Not only is it harder, but it can dramatically cut into your recovery, something that is far less of an issue with steady state. Continuing a normal volume for legs while doing HIIT results in way too much volume for legs, but steady state doesn't tax the legs in the same way. And remember also that all the studies looking at HIIT were done on people that were ONLY doing HIIT, not trying to lift weights or do any other kind of exercise. When coupled with lifting, HIIT can be too taxing. I'd rather save my recovery for another heavy lifting session, than to use it up on something like HIIT that doesn't provide much stimulus for growth or muscle maintenance and doesn't help burn many more calories.

    Then of course there is the issue of duration. I don't think anyone can continue HIIT for more than 30 minutes, but 60 minutes of steady state is much more plausible. Since they burn the same amount of calories during the actual workout, that's double the calories you are able to burn with steady state. And this is in the realm of 600 calories as opposed to 300, not 50 compared to 25. It's a much more significant number. As for the metabolic advantages, HIIT does increase metabolic capacity, but only for the first few weeks. Then it provides little additional increase.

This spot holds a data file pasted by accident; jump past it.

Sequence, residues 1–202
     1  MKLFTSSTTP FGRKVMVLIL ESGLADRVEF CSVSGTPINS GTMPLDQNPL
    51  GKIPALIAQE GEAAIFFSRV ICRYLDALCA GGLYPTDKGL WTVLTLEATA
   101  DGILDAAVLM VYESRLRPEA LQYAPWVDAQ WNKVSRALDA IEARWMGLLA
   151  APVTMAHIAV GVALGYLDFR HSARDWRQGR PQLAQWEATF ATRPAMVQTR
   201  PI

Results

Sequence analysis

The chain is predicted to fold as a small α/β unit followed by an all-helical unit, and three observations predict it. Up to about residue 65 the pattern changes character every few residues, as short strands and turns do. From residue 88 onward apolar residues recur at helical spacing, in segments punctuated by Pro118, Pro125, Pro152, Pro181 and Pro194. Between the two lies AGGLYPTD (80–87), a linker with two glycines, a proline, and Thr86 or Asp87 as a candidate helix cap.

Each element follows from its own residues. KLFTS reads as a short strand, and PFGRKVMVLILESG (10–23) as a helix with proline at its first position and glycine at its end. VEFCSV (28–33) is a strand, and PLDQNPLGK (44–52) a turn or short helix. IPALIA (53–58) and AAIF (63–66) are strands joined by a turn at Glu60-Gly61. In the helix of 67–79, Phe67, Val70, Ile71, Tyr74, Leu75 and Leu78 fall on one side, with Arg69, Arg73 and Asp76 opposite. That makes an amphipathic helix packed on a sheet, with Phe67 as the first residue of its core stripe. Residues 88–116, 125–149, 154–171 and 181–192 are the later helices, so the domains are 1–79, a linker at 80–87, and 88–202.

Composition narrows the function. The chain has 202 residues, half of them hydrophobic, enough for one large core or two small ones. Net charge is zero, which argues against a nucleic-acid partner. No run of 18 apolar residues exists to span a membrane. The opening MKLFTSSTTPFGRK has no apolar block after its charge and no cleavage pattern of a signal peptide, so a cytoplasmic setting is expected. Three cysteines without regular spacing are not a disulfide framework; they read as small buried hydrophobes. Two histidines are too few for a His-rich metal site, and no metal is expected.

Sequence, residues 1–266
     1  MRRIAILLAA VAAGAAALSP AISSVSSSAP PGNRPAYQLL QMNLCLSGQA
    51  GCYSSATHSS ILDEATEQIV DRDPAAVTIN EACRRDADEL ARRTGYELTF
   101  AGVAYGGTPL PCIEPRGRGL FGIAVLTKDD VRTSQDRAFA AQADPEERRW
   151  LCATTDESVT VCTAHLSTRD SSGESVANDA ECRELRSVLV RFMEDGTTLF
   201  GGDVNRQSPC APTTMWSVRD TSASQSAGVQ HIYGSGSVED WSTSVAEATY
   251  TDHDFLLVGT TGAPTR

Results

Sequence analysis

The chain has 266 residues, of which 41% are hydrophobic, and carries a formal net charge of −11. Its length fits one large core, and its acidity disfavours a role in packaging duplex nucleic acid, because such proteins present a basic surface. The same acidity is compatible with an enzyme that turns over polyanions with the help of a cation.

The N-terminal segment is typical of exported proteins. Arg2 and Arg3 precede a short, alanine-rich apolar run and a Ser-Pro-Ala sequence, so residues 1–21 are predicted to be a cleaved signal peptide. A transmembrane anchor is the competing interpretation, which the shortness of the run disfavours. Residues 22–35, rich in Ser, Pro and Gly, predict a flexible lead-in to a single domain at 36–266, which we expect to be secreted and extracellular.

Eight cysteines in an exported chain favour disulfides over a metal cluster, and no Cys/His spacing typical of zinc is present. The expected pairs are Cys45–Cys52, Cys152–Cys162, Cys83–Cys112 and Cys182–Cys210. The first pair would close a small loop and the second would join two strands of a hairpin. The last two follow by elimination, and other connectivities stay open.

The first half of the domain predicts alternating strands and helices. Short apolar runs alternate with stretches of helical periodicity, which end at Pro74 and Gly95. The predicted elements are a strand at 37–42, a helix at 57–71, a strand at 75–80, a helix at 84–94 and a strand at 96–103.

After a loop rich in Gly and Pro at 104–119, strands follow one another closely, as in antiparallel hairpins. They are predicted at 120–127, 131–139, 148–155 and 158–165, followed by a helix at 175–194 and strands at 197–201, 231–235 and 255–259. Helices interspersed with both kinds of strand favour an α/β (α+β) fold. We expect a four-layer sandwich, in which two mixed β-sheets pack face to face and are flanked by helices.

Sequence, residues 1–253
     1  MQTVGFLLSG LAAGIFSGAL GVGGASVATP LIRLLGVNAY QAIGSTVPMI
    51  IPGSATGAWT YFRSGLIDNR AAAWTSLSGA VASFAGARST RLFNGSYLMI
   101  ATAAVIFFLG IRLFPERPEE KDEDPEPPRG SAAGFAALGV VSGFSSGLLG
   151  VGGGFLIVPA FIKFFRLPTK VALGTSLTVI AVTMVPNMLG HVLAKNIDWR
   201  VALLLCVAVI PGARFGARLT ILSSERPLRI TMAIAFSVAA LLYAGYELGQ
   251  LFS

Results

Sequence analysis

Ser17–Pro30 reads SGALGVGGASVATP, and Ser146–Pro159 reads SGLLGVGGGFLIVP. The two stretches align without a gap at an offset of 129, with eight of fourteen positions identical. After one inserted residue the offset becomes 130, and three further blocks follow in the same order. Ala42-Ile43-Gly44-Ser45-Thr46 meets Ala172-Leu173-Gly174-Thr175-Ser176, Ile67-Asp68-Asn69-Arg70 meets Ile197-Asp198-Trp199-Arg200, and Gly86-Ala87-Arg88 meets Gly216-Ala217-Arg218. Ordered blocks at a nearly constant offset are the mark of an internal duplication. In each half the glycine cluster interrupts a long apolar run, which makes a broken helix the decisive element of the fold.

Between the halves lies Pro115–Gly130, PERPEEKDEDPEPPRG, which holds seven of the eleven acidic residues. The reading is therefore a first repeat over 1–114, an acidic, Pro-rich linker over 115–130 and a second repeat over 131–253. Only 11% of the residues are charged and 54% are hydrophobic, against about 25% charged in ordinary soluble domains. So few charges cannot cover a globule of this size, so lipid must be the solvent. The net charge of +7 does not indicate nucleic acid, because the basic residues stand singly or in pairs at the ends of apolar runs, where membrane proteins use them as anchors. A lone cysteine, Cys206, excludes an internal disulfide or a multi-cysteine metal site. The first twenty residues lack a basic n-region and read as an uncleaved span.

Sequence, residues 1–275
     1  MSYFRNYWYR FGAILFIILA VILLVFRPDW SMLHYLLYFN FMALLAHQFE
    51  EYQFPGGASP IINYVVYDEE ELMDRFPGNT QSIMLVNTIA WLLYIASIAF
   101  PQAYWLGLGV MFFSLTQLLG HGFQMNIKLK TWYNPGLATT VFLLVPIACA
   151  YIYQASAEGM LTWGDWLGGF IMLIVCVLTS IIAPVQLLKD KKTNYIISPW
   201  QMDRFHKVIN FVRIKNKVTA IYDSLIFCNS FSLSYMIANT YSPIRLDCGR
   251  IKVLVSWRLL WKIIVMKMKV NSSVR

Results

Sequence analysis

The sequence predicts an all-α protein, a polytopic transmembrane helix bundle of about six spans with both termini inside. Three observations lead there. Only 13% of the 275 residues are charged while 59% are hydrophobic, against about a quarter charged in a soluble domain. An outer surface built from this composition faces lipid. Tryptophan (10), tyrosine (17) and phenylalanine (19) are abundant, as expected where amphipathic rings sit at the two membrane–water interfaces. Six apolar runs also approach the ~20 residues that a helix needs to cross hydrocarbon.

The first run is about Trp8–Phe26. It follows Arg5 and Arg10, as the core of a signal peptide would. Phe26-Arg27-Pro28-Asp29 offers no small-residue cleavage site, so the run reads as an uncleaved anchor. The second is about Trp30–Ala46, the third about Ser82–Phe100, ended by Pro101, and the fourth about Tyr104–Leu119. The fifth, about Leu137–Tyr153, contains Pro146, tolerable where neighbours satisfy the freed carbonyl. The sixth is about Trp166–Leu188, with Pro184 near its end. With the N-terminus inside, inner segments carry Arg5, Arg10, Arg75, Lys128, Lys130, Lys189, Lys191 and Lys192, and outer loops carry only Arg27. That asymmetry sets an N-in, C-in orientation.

I'm not trying to slam you or HIIT in particular, I've just seen way to many people shun steady state for HIIT when there's no real logical reason to do so. HIIT may have some advantage in moderation, but it's not a replacement or improvement from steady state and is much worse at burning calories.

  4. #4
    Getting There... Irish Pilot's Avatar
    Join Date
    Feb 2007
    Location
    MN
    Posts
    779
    I have to agree with the above poster on a few items. Not to say HIIT doesnt have its value and that it works wonders for some people, but the article almost seems to read that steady state cardio is a thing of the past and really doesnt work. While I know many people out there having success with HIIT, the handful of bodybuilders I know are all in contest prep at the moment and not a single one does intervals. They are all achieving their conditioning from diet and steady state cardio (many for the second or third show.) Not only that, but Im guessing a good percentage of them would cringe at the idea of sprinting in any fashion lol.